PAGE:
The Inca Road to
An Ancient Power
By Ted Rose
Perched precariously on the saddle of a dramatic Andean
ridge in Peru, I gaze out at the sea of mountainous peaks. It's a perfect
time: the afternoon clouds are rolling back, revealing an extraordinary
panorama. Laid out below me are ancient pieces of rock, cracked and
weathered, set in an organized jumble. The terraced land looks like
stratified rock. An imposing granite tower lords over it all. And below,
3,000 feet straight down, the Urubamba River curls around the rock, its
Class V rapids pounding so hard I can hear them from above.
Above the ruins: Get an
eagle's-eye view from the Inca Trail
Welcome to Machu Picchu, the ancient Incan ruins that
make up South America's best-known archaeological site. While the
pyramids of Giza lie on a flat desert floor and Angkor Wat is spread out
on a jungle carpet, Machu Picchu is blanketed by thick Andean jungle and
surrounded by peaks. It requires a bit more perspective and a bit more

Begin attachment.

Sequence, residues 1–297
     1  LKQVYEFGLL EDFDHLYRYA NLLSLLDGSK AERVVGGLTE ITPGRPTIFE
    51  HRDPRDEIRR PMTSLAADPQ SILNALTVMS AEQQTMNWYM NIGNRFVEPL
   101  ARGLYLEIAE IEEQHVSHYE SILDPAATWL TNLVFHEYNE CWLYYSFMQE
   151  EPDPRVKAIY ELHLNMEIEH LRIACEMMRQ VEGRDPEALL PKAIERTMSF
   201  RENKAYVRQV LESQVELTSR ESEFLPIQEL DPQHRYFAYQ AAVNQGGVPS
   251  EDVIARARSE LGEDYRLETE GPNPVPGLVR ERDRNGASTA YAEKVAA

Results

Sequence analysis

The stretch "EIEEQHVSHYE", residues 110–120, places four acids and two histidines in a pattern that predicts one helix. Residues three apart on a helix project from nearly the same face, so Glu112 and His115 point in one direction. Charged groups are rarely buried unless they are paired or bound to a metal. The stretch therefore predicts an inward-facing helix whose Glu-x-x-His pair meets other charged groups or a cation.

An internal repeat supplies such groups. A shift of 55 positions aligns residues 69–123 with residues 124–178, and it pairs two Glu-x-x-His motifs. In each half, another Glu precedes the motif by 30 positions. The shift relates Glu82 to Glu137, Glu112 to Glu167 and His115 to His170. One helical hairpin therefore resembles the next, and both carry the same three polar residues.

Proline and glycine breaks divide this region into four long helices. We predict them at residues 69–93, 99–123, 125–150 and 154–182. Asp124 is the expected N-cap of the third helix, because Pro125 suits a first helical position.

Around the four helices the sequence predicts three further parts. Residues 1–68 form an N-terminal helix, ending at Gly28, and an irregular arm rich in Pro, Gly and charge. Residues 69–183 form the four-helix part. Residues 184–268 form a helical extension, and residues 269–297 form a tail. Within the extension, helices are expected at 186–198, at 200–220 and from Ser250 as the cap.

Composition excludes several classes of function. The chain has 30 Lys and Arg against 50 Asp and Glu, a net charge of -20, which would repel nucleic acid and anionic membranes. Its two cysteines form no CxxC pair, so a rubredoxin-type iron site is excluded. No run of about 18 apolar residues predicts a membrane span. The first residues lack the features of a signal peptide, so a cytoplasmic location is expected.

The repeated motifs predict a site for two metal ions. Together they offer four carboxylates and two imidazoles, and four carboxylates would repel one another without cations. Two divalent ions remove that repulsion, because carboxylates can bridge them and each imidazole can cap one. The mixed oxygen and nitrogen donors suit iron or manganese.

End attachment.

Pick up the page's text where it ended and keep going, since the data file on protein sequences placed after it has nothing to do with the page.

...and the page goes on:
effort to reach. In fact, it's perhaps the rainforest that prevented the
Spanish Conquistadors from discovering Machu Picchu and kept it a
avoid the crowds? Spend the night there.
Despite efforts to study Machu Picchu, it has a hazy
provenance. American Hiram Bingham, who found the ruins in 1911, originally
thought little of them. Later, he ginned up an argument that he had
discovered Vilacamba, the legendary last stronghold of Incas on the run from
the Spanish Conquistadors, but other archeologists squashed that theory.
Some believe Machu Picchu was a secret Inca capital; others claim it was a
religious retreat. Archaeologists presume the complex was built in the 15th
century. While stones testify to the building prowess of the Incas and the
crop terraces reflect their agricultural skill, the mighty Inca
civilization, which rose and fell within a short 100 years, had its flaws.
First and foremost, the Incas never invented writing. For that reason, if no
other, Machu Picchu may always remain a mystery.
And that mystery draws hordes of visitors. There are
numerous ways to get to Peru's number-one tourist attraction, including
efficient and comfortable trips by helicopter or train. I chose a third
option: hiking there on a reconstructed stone path called the Inca Trail.
When all of the traffic converges at Machu Picchu, the crowds can get
overwhelming. The key to avoiding those crowds? Spend the night on the high
cliff: In the early morning and late evening, I had the site almost to
And that's when I felt Machu Picchu's power.
Inca Trail trekking